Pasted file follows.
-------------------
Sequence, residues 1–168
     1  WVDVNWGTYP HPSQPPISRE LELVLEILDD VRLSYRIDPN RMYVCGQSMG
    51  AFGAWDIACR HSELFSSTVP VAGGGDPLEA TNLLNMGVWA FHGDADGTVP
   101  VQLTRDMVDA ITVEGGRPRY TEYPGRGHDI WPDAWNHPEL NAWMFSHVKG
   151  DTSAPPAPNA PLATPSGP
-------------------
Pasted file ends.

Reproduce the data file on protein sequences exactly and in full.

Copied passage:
Sequence, residues 1–168
     1  WVDVNWGTYP HPSQPPISRE LELVLEILDD VRLSYRIDPN RMYVCGQSMG
    51  AFGAWDIACR HSELFSSTVP VAGGGDPLEA TNLLNMGVWA FHGDADGTVP
   101  VQLTRDMVDA ITVEGGRPRY TEYPGRGHDI WPDAWNHPEL NAWMFSHVKG
   151  DTSAPPAPNA PLATPSGP